Actiontec MI424WR Review: Able partner for Verizon FiOS

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Tim Higgins

Updated 1/3/2013 – Added revision information

Actiontec Wireless Broadband Router

At a Glance
Product Actiontec Wireless Broadband Router (MI424WR)
Summary Fast, flexible 802.11b/g router OEM’d to Verizon for FiOS service
Pros • Up and download QoS w/ bandwidth mgmt
• 100 Mbps wire speed throughput
• Full set of routing features
• MoCA WAN and LAN interfaces
• VLANs and multiple WAN IP
Cons • 10/100 switch instead of gigabit
• Annoying Advanced Feature permission pages
• No WPA2 or WPS support
• Labyrinth-like navigation
• Easily-bypassed Parental Controls


Note that this review reflects Revision A of the product. There are seven different revisions of the product using three different CPUs and various wireless modules.

I received a request some time ago asking me to take a look at the Actiontec MI424WR, which is a product OEM’d to Verizon for use with its FiOS fiber-based Internet service. Of particular interest was how it stacked up against the Netgear WPNT834 and D-Link DGL4300 and DIR-655 that have been sitting at the top of our Router Charts for some time. It took awhile because Actiontec was in the process of rolling to an updated design for the product (shown above). But the product finally arrived a few weeks ago and here’s the report.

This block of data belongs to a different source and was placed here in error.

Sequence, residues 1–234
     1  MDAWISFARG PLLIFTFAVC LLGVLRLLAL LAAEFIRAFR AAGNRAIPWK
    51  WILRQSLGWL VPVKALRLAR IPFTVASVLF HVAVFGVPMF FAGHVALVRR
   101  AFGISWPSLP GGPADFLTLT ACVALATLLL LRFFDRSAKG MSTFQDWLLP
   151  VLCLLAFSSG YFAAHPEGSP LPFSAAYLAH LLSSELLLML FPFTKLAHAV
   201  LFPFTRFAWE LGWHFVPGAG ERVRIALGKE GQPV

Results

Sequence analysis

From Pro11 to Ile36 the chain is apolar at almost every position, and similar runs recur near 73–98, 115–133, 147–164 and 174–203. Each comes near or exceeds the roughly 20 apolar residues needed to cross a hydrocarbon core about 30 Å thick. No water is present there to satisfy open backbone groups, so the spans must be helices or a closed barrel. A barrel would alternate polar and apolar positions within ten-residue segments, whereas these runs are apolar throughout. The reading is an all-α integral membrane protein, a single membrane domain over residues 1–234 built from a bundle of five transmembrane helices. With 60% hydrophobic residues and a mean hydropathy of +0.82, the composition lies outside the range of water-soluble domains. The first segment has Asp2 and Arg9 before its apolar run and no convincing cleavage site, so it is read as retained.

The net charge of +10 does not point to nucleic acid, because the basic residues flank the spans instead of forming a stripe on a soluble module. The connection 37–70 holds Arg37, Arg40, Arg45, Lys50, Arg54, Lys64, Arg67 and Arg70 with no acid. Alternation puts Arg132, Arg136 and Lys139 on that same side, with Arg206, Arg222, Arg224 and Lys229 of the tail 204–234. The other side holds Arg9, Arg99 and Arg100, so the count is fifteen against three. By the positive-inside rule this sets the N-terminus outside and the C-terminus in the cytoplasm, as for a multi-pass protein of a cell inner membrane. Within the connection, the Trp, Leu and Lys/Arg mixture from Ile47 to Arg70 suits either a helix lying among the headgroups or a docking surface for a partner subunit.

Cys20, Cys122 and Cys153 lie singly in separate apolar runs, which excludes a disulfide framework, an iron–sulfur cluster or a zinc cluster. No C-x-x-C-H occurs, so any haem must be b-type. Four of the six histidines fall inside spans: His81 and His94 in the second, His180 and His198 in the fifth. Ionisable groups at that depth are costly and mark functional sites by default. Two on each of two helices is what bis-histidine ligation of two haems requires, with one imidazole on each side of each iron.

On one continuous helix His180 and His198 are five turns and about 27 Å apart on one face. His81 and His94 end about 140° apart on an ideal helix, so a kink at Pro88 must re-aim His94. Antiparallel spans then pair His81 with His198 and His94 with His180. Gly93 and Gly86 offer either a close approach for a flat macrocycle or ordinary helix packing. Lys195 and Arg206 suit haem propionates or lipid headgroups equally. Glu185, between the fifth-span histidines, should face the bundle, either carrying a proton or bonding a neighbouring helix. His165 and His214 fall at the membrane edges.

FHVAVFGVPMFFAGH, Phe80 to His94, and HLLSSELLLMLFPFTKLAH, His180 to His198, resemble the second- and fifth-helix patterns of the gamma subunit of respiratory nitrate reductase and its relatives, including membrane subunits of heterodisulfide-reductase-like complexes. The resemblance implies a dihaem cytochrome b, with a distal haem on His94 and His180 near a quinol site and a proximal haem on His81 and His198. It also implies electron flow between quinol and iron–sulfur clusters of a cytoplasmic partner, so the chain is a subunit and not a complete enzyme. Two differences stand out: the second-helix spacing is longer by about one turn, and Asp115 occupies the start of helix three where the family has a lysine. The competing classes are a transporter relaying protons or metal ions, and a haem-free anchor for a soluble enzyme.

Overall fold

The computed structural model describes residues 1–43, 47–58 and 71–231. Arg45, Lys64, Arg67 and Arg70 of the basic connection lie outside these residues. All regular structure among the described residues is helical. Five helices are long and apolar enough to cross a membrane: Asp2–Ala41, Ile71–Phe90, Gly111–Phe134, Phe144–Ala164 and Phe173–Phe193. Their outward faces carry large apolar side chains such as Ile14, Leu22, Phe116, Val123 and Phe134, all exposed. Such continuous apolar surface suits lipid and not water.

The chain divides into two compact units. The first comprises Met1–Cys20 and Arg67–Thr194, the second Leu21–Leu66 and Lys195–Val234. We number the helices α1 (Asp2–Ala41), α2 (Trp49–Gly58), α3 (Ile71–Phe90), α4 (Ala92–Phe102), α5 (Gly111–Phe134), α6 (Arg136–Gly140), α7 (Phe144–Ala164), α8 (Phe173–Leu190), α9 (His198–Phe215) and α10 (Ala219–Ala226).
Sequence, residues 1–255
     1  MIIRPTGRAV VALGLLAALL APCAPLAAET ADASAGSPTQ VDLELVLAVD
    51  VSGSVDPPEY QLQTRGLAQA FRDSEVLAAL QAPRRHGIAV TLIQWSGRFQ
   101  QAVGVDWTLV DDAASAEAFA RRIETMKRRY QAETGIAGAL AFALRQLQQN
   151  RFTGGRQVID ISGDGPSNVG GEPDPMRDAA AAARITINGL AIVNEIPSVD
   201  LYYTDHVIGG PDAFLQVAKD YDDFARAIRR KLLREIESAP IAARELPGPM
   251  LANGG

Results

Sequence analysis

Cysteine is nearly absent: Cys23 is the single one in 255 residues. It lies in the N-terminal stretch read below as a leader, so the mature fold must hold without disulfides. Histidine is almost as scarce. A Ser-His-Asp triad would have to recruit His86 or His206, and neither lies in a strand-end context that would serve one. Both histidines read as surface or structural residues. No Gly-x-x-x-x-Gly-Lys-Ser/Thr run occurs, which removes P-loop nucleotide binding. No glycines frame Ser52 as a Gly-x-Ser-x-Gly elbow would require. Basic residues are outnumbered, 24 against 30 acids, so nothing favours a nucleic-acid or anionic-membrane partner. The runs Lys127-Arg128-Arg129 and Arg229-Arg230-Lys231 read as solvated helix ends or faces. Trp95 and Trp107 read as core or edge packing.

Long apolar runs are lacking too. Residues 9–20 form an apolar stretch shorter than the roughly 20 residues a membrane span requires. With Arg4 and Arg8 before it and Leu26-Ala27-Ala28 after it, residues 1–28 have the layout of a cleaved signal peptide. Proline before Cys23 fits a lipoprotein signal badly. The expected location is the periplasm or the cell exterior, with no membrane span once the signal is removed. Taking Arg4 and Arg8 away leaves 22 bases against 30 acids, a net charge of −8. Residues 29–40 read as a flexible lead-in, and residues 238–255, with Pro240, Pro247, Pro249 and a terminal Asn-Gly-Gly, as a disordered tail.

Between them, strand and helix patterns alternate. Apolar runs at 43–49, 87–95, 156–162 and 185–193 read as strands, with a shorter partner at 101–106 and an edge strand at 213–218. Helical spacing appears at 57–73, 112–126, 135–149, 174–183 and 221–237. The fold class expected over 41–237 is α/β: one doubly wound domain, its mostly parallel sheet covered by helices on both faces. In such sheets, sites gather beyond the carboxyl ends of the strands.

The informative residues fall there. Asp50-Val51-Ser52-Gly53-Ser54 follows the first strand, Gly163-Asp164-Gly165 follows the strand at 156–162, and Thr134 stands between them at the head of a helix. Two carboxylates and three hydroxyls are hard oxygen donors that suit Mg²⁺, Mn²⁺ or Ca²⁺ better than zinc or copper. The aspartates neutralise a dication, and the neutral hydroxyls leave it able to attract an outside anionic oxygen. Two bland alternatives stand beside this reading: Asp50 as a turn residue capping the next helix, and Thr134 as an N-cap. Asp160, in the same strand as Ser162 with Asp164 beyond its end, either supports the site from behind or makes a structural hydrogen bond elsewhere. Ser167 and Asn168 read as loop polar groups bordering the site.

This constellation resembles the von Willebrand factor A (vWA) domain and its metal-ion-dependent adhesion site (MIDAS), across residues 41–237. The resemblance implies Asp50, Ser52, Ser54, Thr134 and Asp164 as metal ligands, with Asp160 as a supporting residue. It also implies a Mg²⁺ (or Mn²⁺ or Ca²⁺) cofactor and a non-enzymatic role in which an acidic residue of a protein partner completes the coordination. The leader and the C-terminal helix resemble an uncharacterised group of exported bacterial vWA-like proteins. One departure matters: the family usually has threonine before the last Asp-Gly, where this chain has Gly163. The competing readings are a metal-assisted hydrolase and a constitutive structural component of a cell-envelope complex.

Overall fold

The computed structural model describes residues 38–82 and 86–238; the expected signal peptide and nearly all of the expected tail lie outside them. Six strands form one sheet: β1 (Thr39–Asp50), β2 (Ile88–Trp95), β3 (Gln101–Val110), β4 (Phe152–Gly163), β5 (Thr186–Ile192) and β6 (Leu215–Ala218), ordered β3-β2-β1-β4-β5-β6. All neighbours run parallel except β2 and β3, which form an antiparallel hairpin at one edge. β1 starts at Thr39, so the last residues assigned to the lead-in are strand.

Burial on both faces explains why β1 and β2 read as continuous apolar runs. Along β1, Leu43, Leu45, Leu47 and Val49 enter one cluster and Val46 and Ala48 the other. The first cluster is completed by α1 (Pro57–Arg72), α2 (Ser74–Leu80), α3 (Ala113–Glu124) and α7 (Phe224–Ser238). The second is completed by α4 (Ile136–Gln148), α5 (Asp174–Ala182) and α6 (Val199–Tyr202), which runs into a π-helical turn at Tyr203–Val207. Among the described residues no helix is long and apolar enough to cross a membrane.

The box that finally showed up actually contained an old-style router that looked like Figure 1. But Actiontec assured me that the board and functions are the same as those in the new-style enclosure, so I pressed on with the review.

Old version

Figure 1: Old MI424WR enclosure

The 424 is actually rather large as routers go, measuring just shy of a foot wide. The front panel indicators are shown in Figure 2 and the rear panel connectors are found in Figure 3. Of special note is the Coax LAN reference. This is the first product that I’ve been able to get my hands on that supports MoCA networking. Unfortunately, I wasn’t able to test it because Actiontec didn’t provide its ECB1500 MoCA to Ethernet adapter that would have allowed me to connect a test client.